Too Much Trust in EU Institutions
The general impression is that the EMU zone (which gathers countries belonging to, or potentially belonging to, the euro) suffers from a crisis of trust. How can we move forward with European integration when people lack trust in EU institutions? The facts may however be quite different: there is too much trust in the EU […]
EMU Crisis, Barroso and the Inter-Institutional Balance
The start of 2014 marks and important turn in the EU: the euro crisis seems over, everyone is getting ready for the ‘this time it is different’ election campaign for the European Parliament, and the EU has to come to grips with a new president and, possible, a new balance in the inter-institutional relations. It […]
What is EU Membership all About?
This is my last entry in the Eurozone 2013 blog. I want to conclude with some general remarks tackling what sounds like a rather innocent question and is the subject of a paper I am working on: What is EU membership all about? The question was put to me for a talk at a summer […]
Are we Living in a Post-EU Society?
There seems to be a paradox: whereas the euro crisis has enforced deeper integration, economic and political attention is shifting away from the EU. Europhiles blame the Eurosceptics but EU-watchers should be careful to follow simplistic reasoning. Dutch Foreign Affairs Minister Frans Timmermans has the reputation to be an EU-believer and was, among others, a […]
Parallel Currencies are no Alternative for the Euro
Many are upset about the ‘TINA-type solutions’ for the euro crisis. ‘There-is-no-alternative’ (TINA) seems to have been an irrevocable characteristic of the euro right from the start. A sense of ‘having been forced onto the people’ was kindled by the fact that in most countries the single currency was adopted without referenda. Subsequently, many of […]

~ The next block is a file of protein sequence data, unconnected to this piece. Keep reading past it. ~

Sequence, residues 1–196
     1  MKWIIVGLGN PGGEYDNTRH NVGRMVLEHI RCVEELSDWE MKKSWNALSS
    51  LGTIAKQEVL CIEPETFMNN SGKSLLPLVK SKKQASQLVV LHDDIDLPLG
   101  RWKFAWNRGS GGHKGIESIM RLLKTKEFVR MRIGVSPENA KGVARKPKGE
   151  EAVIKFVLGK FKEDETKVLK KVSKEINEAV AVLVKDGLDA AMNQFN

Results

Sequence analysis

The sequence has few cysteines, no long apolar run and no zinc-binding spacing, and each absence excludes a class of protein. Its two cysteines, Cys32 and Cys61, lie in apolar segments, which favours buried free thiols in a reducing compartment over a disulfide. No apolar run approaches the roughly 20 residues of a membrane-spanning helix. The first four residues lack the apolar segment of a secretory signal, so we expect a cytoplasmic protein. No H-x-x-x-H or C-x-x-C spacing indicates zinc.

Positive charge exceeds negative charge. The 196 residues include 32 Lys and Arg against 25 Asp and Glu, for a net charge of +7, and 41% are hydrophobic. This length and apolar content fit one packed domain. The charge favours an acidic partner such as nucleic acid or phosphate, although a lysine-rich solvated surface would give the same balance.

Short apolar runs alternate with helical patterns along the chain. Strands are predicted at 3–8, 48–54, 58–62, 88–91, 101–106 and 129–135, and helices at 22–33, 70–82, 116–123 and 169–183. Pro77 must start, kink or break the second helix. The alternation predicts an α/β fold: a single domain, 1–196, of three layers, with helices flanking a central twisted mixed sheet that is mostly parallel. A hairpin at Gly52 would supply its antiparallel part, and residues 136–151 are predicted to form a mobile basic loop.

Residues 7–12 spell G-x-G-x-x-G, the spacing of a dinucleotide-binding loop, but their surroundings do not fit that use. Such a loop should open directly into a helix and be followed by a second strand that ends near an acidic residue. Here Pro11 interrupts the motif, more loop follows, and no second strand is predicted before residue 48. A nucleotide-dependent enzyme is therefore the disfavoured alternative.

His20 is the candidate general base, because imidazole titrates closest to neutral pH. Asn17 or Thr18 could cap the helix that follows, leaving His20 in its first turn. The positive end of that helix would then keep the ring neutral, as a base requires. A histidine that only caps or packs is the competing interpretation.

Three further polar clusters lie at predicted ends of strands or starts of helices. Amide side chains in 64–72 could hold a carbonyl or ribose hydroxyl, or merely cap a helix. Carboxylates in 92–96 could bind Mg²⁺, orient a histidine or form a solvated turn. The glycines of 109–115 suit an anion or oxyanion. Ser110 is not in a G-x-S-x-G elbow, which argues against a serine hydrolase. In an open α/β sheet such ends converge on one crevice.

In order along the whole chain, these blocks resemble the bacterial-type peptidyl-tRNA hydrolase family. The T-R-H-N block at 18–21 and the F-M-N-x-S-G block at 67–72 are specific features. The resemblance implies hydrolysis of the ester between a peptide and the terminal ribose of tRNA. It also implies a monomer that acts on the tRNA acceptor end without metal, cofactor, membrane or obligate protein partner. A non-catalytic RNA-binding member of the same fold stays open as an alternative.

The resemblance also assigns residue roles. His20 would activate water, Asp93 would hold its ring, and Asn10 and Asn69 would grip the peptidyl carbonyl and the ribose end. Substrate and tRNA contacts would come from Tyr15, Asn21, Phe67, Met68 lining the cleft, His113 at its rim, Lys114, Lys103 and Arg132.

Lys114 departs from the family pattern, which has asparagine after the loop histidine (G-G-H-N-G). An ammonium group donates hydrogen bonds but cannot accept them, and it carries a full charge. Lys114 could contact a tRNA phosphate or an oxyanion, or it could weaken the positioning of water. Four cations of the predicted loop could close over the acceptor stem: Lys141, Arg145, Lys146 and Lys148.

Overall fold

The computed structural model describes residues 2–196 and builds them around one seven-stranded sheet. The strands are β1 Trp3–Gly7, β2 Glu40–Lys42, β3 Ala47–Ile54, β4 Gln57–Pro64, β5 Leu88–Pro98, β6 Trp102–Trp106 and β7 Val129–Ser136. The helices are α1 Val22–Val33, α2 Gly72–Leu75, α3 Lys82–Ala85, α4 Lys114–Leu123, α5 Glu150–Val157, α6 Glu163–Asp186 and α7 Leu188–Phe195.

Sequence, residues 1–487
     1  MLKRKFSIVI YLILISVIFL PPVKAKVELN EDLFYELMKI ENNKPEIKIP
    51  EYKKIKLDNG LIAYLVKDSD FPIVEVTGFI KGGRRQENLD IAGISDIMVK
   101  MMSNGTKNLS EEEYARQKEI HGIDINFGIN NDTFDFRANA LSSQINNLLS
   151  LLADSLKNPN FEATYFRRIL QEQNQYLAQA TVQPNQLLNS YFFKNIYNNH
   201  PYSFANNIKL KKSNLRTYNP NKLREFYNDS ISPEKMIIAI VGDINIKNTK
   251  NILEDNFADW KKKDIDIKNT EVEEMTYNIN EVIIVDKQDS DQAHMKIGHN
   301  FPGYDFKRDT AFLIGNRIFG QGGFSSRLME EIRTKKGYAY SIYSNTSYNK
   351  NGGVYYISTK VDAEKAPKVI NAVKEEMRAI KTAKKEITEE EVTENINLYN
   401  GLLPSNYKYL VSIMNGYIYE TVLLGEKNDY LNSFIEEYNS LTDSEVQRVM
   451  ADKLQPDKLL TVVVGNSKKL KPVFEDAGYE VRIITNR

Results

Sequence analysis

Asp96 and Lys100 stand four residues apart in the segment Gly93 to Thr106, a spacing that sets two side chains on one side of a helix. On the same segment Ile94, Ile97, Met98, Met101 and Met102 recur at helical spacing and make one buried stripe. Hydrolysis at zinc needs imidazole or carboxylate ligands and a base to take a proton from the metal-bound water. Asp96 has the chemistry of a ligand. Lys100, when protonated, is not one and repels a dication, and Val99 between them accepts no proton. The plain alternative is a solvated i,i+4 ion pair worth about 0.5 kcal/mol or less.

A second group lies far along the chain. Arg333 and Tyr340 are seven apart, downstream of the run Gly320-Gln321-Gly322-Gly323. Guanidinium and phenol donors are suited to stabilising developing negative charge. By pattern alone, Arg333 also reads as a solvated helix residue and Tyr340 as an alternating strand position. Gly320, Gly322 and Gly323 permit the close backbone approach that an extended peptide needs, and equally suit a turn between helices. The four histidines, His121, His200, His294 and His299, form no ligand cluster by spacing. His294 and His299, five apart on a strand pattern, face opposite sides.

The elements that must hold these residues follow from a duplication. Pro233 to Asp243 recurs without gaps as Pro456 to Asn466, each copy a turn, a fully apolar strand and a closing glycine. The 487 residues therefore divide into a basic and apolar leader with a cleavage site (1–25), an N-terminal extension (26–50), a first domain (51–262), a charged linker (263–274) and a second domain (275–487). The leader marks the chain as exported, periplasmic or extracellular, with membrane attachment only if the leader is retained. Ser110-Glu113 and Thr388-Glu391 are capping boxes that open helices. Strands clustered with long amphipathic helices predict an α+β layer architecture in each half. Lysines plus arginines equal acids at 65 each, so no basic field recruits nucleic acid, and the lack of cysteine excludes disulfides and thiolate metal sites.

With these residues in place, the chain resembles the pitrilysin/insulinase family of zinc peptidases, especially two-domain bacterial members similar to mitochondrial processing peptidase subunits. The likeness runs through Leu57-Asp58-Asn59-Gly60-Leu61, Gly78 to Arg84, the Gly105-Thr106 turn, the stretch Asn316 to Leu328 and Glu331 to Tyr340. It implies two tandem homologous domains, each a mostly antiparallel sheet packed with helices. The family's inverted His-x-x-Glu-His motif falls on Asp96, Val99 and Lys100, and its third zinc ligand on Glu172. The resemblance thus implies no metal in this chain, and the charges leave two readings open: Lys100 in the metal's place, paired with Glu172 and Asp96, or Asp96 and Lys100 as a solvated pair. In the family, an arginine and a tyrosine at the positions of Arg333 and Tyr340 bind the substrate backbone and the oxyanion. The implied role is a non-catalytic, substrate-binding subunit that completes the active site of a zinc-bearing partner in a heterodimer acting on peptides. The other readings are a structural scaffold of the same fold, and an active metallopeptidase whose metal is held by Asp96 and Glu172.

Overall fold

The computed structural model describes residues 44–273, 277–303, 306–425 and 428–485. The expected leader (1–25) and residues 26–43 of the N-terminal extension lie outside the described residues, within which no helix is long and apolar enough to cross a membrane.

Barroso Stretches the Limits of Subsidiarity
By Adriaan Schout and Judith Hoevenaars (Instituut Clingendael) The eurocrisis has reignited debates on subsidiarity. On June 21st, the Dutch government presented the (disappointing) results of a subsidiarity review, listing 54 EU measures or policy fields which could better be regulated at the national level. The UK is working on a more extensive proposal to […]
Dangerous Fantasies and Really Existing ‘Adjustment’
It has been two years to the month since the original Memorandum of Understanding (MoU) was signed between the ECB-EC-IMF Troika and the Portuguese Government. Elections followed shortly after, bringing into power a new conservative coalition government, which proceeded to implement the structural adjustment programme with unbridled enthusiasm. In the words of Prime Minister Passos […]
Why Economists Should not always Ask for Centralisation
Many say that the eurocrisis is not about the euro but about financial markets. Whatever the precise cause: it seems to be a purely economic crisis. Of course, the financial sector was a motor behind the crisis, but there have been other drivers too. National conditions – such as high private debts, corruption and inflexible […]
Europe – Absent?
This is my first entry in the Eurozone 2013 blog. Based in Berlin, in the following months I will comment on the steps taken by EU leaders to reform the Eurozone from the German capital, and will include my observations on the German euro debate. As it happens, the German President, Joachim Gauck, has just […]
The European Periphery: Between a Rock and a Hard Place
The strategy of the Portuguese government in the context of the current crisis, which is essentially aligned with the prescriptions of the ECB-EC-IMF troika, revolves around two axes that, indeed, were also typical of the policy packages implemented in the global south from the 1980s onwards: stabilisation, which in this case refers to slashing public […]